But it’s also the best place to start with readying your body’s structure to withstand the extra force production you’re going to train it to produce later. I typically like to guide my athletes through a 12-week cycle. 

The goal is that by the end they can not only get up higher, faster, and with greater velocity, but can also then decelerate and land in a way that brings them back to Earth safely. 

During the first four weeks, we typically focus on isometric holds. Being able to keep your body steady in one place at a certain point of a movement provides greater control and stability, both of which are important components of leaping, decelerating, and landing. One of the go-to exercises here is the wall sit. 

This is essentially a supported squat pattern and you’re going to be able to load the knees in an untypical way. We’ll usually do three sets of 15 to 45 seconds. You could also do a bodyweight (aka “air”) squat and hold the bottom position for 15 to 45 seconds. 

You could apply an isometric hold to any lower body exercise, including Romanian deadlifts (RDLs), lunges, and so on. 

Lengthen Under Tension

We devote the second four-week mini-block to emphasizing eccentric contraction-focused movements, as these are also key in decelerating and landing. 

The drop squat is my favorite one to start with, as it requires to generate some speed and force in place, as you would when in the loading phase of a jump in basketball, soccer, volleyball, or any other sport, and then to halt your momentum without jarring your joints.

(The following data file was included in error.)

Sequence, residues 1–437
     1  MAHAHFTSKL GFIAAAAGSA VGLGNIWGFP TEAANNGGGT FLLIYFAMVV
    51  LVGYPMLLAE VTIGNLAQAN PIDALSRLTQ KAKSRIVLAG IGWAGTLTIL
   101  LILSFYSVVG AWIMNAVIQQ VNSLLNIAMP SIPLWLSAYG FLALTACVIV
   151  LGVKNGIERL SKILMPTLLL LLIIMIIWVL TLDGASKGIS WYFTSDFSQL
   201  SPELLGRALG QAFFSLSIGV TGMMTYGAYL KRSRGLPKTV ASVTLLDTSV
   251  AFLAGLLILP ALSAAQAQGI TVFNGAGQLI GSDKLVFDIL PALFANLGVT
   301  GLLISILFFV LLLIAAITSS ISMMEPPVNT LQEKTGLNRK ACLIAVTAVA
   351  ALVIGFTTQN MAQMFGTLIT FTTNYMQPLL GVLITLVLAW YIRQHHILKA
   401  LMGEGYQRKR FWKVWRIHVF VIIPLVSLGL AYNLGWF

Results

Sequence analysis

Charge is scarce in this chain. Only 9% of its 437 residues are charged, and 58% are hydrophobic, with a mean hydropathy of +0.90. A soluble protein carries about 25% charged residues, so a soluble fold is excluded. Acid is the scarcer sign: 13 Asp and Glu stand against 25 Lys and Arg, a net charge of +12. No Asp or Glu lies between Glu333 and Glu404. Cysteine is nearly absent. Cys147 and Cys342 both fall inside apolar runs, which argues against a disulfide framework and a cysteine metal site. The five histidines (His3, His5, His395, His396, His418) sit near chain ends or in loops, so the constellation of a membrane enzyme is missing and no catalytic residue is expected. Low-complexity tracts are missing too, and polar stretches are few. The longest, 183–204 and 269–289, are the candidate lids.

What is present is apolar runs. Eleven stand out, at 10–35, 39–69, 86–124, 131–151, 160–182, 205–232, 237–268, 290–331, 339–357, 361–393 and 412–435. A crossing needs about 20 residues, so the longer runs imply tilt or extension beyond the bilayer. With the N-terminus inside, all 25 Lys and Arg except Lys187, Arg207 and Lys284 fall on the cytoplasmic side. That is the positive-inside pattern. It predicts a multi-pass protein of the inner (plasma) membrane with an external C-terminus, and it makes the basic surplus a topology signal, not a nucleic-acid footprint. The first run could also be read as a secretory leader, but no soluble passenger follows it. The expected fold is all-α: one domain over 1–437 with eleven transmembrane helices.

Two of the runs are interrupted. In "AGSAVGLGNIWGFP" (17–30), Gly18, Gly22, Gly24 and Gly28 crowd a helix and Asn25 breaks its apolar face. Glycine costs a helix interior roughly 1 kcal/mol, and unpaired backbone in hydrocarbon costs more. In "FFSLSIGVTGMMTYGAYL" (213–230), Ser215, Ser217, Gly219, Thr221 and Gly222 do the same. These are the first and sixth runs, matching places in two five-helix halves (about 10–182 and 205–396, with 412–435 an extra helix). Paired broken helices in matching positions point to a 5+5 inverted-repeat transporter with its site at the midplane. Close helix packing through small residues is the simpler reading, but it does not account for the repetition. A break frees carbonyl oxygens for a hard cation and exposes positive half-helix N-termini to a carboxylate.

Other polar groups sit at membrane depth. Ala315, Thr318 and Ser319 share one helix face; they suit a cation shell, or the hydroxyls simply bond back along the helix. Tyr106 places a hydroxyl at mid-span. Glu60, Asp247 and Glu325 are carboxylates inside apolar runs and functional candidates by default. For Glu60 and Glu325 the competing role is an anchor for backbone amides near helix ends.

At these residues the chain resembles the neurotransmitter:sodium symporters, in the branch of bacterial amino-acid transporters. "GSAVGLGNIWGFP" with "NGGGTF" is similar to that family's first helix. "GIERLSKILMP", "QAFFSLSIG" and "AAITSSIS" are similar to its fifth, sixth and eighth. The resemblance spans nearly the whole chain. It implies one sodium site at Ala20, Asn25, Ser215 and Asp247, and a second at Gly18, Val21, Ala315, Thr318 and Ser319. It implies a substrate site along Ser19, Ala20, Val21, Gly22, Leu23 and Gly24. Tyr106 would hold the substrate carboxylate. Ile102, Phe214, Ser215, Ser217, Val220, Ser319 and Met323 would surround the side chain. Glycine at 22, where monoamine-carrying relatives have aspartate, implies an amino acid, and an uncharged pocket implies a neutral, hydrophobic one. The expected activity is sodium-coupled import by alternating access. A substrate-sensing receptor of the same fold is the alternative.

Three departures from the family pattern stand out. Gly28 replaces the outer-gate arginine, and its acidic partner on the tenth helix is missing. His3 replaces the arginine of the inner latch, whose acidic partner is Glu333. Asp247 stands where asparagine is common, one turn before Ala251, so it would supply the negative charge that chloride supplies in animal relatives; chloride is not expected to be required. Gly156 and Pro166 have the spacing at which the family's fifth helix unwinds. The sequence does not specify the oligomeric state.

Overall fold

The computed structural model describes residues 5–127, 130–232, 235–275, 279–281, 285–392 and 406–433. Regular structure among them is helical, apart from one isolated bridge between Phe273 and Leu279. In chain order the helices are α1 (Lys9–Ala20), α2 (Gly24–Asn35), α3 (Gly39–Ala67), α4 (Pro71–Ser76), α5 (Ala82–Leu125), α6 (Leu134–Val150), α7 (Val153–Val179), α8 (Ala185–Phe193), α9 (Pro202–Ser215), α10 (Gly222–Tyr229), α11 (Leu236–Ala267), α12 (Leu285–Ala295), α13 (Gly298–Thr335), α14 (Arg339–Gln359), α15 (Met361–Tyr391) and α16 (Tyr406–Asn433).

People have different preferences for the drop squat, but I want you to start up high, with your hands overhead, and up on your tiptoes. Then quickly drop your elbows and your hips down into a squat as hard and fast as you can. 

Next, slam on the brakes and stop at the bottom of your squat. Without even leaving the ground, you’ve prepared your body to accept deceleration as you shoot your hips and your elbows down. You then stop that train on the tracks right in the “cave” of your squat and groove the neuromuscular action of jumping, decelerating, and landing. You’re also preparing your structures to say, “Oh, this is how I stop myself when I’m at the bottom of this and better respond to this stimulus.” 

Three sets of 15 reps should suffice. I then like to introduce the split squat and lunge (which are really just two different applications of the same pattern – the first being static and the second dynamic).